Phife Dawg Says New ATCQ Music Is ‘Far-Fetched,’ Preps LP
Phife Dawg began entertaining rap fans with his humorous and self-deprecating quotables back in 1990 as part of A Tribe Called Quest. The long-gone group, which also featured rappers Q-Tip, Jarobi and producer Ali Shaheed Muhammad, was recently the focus of the documentary ‘Beats Rhymes and Life: The Travels of A Tribe Called Quest,’ detailing their prolific eight-year gold-and-platinum-selling lifespan and the animosity that broke them up. Though Phife and his fellow ATCQ allies have released solo efforts and done some reunion tours, the icons have yet to record the follow-up to 1998’s ‘The Love Movement.’
As hip-hop fans celebrate the 20th anniversary of ATCQ’s 1991 classic ‘The Low End Theory,’ Phife talked to our sister site Spinner about his thoughts on the recent documentary, the possibility of recording as a group again and his upcoming solo disc, ‘Songs in the Key of Phife Volume 1: Cheryl’s Big Son,’ due later this year.
You were a strong supporter of ‘Beats, Rhymes and Life’ early on while other guys in the group were distancing themselves. What did you see in it that they didn’t, perhaps?
As A Tribe Called Quest, we’ve missed out on a lot of things in our career for whatever reasons. Some things made sense to let pass by, but there are other things we should have ran towards with open arms. So if this is it, if this is the end, why not go out with a bang? Right from the start I was going to support it all the way.
We broke up in ’98 — that’s 13 years! So much has happened, like I had an illness that I came back from miraculously so I was like, “Nah, I’m not missing out on this.” No disrespect to the other guys and their choices, but that was my choice. You know, there is a lot of love being given to us, and you can never get enough of that.
Did you feel there were things missing from the final cut of the movie that you would have liked to see in it?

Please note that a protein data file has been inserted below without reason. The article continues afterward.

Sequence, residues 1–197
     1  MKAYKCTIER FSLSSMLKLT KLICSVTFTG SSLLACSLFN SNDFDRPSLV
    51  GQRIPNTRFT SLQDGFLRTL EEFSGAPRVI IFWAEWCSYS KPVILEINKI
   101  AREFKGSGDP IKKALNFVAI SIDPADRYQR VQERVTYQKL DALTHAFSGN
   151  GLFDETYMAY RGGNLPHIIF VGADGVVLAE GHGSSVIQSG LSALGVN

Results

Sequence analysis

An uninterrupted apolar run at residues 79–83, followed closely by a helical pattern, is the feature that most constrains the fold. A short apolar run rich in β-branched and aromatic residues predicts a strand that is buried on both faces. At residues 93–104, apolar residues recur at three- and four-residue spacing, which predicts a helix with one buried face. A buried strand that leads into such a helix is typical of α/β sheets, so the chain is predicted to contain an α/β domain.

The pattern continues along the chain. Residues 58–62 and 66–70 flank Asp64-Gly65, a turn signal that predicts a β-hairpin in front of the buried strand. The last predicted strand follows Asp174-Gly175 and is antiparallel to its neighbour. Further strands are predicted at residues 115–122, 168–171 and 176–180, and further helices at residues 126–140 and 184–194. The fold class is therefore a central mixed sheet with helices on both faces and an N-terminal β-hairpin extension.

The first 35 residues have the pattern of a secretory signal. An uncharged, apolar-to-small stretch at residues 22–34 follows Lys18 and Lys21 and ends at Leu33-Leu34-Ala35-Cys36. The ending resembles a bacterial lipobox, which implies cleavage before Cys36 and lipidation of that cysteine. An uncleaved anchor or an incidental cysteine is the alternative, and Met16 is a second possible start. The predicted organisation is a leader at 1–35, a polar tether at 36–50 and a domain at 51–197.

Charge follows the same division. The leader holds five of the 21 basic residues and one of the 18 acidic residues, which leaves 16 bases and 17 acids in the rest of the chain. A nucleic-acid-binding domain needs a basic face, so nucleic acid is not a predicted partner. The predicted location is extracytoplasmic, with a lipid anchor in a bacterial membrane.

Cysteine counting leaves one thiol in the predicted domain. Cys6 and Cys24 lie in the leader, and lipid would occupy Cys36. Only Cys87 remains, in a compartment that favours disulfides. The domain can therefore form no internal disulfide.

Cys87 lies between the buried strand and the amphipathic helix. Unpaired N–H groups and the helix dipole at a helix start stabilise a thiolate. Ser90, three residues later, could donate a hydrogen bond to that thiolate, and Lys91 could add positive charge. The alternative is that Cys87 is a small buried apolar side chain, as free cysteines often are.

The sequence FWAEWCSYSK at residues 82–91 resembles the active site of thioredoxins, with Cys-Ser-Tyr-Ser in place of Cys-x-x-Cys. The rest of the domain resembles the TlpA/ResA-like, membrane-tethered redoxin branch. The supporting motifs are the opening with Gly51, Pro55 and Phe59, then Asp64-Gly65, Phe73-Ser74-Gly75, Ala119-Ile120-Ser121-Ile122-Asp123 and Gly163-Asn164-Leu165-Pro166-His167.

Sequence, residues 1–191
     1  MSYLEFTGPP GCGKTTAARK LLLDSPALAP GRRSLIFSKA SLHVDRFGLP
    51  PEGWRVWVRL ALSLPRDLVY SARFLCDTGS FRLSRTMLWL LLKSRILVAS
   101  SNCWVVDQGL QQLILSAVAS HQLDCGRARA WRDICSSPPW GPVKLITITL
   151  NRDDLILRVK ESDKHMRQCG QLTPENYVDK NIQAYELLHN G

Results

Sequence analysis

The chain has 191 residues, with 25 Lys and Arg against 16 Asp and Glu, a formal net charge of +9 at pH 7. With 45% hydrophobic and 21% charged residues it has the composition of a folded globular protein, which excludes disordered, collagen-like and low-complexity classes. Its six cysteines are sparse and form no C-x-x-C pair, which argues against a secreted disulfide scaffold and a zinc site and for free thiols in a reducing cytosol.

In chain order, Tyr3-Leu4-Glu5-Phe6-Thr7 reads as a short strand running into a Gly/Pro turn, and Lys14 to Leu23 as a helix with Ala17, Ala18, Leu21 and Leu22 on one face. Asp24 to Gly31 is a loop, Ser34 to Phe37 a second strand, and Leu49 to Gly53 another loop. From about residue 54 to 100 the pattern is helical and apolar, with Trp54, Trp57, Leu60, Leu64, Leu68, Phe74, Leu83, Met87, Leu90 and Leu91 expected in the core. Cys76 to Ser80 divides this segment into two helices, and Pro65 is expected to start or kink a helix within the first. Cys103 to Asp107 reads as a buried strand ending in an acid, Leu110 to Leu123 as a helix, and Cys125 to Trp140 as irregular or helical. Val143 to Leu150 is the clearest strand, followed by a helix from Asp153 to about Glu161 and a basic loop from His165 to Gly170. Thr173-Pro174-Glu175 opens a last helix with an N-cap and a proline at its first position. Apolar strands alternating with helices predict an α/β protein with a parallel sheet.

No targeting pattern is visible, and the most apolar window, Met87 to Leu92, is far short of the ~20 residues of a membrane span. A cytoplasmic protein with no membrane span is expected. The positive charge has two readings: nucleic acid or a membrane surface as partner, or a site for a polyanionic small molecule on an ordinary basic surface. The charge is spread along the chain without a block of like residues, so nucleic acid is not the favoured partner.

I do think Q-Tip‘s part in the movie where he was breaking down the beat of ‘Can I Kick It,’ it needed more of that type of stuff. More music. It needed more of J. Dilla and more Busta Rhymes. Those guys were honorary members and meant so much to the group, but they were hardly in it. And it also needed more of Ali Shaheed, as a matter of fact. I know a lot of things had to be cut and weren’t able to happen because of time constraints or whatever, but there’s no excuse as to why there wasn’t more Ali Shaheed.
Watch ‘Beats Rhymes and Life: The Travels of A Tribe Called Quest’ Trailer
The film ends reminding people that you guys still owe a record to Jive? You don’t think that will ever happen?
It’s far-fetched that we will. I have no idea and I’m in the group, you know what I mean? Personally speaking, for the fans, I would love for it to happen. But everyone has to realize we can’t just get together to get together, we can’t just put anything together or else it will be like, “We waited this long for this trash?” I would rather leave it alone. If it came together like we never left, then cool, I’m cool with it. We don’t want to disappoint the fans. People hold us dear to their hearts so that’s the last thing I would want to do.
Tribe is credited with coming in and really changing the rap game. Is that something you guys consciously set out to do?
It was just a matter of us being ourselves. We didn’t sit and ponder doing something different, but we did want to make a lane for ourselves. Biting was forbidden, because as much as we loved Run DMC and Nice and Smooth, we didn’t dare bite, because if you bit, you straight-up got slapped in the face. Not that I’m condoning violence, but that’s what’s happening today. Today, biting is the way, biting is cool. If you just look at the Juice Crew with Big Daddy Kane, Biz Markie, Shanté, Masta Ace, Kool G Rap, everybody had their own lane. Like Big Daddy Kane was the lady’s man and the metaphor king; Biz Mark, the clown prince; Masta Ace, the bookworm; Shanté was the first lady battle-rap chick. Everybody had their own lane in one crew. Now, it’s like cats is writing lines for one another.